it’s like the woods

4.4.22 ~ Denison Pequotsepos Nature Center

Four days after we visited the nature center with Kat I wanted to return to see if the Canada goose was still sitting on her eggs. She was, and had turned and was facing the other direction. This time we walked on some other trails through the woods and the meadow. There are still more loops to follow so we plan to return once a week to see the Canada goose, and if we’re lucky, some goslings one day.

eastern white pine sapling growing in the swamp
glacial erratic on top of Council Rock

It’s like the Light —
A fashionless Delight —
It’s like the Bee —
A dateless — Melody —

It’s like the Woods —
Private — Like the Breeze —
Phraseless — yet it stirs
The proudest Trees —

It’s like the morning —
Best — when it’s done —
And the Everlasting Clocks —
Chime — Noon!

~ Emily Dickinson
(The Poems of Emily Dickinson, #302)


I imagine ‘it’ in Emily’s poem is Presence.

We also found six locations along the Meditation Walking Path, “each selected to provide a place for quiet reflection or meditation.” The path follows some of the other trails and the shortcuts between them. A little confusing but I think we sorted it out.

plentiful skunk cabbage
the leaves are food for the Canada goose couple
a blind for meadow bird photographers
a view from the blind
birdhouse in the woods
red-bellied woodpecker
Canada goose on her nest
notice the turtle climbing up the rocks
mama
seed pods, goose feather and moss on water
papa’s morning nap

The light is so magical this time of year!

Sadly, Connecticut’s covid positivity rate is going up again. On Friday it was over 5%. I got my second booster shot that day and felt malaise all weekend, but it wasn’t too bad. Feeling overwhelming mourning and anticipatory grief for Ukraine…

so many robins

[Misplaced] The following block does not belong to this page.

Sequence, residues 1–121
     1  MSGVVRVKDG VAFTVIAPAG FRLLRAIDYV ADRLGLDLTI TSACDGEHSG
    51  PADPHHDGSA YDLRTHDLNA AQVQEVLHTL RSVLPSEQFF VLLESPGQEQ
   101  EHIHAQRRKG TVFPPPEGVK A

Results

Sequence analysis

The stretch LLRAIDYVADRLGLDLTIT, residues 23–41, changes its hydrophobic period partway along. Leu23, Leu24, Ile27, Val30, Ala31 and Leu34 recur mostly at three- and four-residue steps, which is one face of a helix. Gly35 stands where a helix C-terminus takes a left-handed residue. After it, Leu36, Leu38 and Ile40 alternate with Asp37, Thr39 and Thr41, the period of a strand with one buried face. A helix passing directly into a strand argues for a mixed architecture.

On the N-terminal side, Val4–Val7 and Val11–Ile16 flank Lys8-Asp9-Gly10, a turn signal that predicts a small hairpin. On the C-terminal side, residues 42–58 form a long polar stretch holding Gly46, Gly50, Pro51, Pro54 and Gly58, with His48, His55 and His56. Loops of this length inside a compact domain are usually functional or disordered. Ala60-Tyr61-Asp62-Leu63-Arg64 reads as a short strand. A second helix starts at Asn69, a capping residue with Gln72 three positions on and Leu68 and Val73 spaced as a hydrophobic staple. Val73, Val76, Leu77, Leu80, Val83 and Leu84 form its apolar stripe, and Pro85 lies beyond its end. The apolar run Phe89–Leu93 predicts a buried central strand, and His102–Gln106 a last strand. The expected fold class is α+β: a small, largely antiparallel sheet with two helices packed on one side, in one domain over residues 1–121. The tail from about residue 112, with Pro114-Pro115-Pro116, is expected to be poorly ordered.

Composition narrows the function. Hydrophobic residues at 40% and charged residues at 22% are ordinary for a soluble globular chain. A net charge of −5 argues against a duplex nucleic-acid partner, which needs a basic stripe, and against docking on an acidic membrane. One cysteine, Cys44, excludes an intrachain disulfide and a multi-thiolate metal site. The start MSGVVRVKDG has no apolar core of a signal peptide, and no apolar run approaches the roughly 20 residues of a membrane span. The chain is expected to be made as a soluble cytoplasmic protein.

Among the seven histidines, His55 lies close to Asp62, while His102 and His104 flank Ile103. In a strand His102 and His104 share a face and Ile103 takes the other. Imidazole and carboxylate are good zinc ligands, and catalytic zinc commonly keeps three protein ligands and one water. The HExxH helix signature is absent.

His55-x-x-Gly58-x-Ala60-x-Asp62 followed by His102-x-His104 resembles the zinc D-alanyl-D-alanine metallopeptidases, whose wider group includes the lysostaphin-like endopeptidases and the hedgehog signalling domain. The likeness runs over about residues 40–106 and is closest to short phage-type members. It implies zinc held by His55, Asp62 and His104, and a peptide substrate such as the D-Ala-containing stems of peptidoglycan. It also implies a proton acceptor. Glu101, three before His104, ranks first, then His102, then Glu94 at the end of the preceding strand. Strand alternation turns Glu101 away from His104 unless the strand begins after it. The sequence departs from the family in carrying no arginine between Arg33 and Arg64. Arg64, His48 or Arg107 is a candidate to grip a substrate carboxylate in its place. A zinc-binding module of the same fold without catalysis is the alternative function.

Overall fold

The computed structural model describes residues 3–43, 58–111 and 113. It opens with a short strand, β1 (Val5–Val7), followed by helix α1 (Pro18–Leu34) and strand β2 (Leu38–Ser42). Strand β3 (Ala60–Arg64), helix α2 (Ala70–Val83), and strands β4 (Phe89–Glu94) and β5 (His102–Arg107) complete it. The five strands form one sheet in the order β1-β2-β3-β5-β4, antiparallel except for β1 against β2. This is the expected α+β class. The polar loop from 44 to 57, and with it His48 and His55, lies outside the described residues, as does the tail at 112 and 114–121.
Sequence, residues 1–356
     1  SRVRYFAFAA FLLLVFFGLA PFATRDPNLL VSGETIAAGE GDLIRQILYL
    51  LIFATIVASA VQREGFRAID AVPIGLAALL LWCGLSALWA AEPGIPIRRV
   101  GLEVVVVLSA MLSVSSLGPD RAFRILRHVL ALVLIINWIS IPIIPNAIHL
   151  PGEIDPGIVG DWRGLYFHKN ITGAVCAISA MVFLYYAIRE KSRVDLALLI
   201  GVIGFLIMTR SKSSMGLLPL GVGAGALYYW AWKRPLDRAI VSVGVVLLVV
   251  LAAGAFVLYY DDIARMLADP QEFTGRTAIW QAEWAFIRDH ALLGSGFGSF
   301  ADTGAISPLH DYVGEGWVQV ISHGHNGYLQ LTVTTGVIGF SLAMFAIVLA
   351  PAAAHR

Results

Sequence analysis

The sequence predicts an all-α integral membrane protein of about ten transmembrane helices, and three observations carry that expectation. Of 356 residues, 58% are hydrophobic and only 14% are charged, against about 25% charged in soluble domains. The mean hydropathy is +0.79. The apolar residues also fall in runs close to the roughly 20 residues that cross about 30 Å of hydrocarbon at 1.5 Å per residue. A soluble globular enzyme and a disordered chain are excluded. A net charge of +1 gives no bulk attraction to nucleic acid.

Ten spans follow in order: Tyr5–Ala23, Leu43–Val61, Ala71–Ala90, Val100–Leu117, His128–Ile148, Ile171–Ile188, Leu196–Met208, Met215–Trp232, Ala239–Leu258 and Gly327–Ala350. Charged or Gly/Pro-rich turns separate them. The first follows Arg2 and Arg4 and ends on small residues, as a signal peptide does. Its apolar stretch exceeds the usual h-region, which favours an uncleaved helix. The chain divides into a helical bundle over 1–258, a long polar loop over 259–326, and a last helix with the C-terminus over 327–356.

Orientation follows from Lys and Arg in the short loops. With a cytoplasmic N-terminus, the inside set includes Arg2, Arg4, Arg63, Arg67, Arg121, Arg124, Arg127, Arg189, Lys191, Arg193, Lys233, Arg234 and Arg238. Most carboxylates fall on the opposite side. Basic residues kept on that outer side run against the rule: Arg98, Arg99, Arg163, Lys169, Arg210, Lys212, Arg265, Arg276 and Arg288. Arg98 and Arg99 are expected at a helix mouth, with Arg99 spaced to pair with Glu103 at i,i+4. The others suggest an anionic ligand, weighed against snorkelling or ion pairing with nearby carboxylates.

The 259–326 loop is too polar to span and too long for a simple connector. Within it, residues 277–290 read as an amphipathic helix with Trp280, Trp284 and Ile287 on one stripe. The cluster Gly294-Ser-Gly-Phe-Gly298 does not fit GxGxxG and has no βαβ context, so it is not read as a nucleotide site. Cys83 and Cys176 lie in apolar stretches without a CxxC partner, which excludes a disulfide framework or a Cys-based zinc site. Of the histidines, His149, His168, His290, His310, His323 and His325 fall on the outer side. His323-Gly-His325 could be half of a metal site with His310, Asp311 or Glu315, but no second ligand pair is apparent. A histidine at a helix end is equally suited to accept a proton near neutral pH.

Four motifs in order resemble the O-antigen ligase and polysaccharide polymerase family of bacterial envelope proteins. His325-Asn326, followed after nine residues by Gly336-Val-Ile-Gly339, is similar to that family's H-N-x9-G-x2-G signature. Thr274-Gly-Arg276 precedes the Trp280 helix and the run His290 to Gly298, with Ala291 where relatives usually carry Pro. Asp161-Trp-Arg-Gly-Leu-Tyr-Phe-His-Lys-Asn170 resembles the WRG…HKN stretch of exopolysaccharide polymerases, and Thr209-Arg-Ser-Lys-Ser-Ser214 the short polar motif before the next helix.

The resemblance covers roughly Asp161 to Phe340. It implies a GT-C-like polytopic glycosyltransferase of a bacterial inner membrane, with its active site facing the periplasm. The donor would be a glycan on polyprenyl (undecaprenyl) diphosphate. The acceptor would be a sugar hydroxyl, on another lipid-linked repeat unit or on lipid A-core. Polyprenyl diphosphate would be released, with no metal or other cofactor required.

3.2.22 ~ Elm Grove Cemetery, Mystic

I took a solo walk yesterday, while Tim rested his ailing ankle. There were so many robins out and about, running across the cemetery lawns. It was a sunny early spring day, a seasonable 43°F (6°C) with a little wind chill, but I didn’t need any thermal layers or heavy mittens. 🙂 Three crows were making a ruckus in the treetops but finally settled their differences and flew off, leaving me to enjoy a robin photo shoot.


The Robin is the One
That interrupts the Morn
With hurried — few — express Reports
When March is scarcely on —

The Robin is the One
That overflow the Noon
With her cherubic quantity —
An April but begun —

The Robin is the One
That speechless from her Nest
Submit that Home — and Certainty
And Sanctity, are best

~ Emily Dickinson
(The Poems of Emily Dickinson, #501)


bathing in a muddy puddle
Spring is in the air!


in soft silent beauty

“The Harvest Moon” by Samuel Palmer

When we were young
and feeling the need to prove ourselves,
we generated heat and energy
like the noonday sun.
But now we take time to reflect the Tao
and bathe our world in soft silent beauty
like the full moon on an Autumn evening.

An abundance of opinions will generate heat
but accomplish nothing.
You no longer have to comment
on each and every little thing.
You can observe events with a detached serenity.
When you speak,
your words are gentle, helpful, few.
Your silence is as beautiful as the Harvest moon.

~ William Martin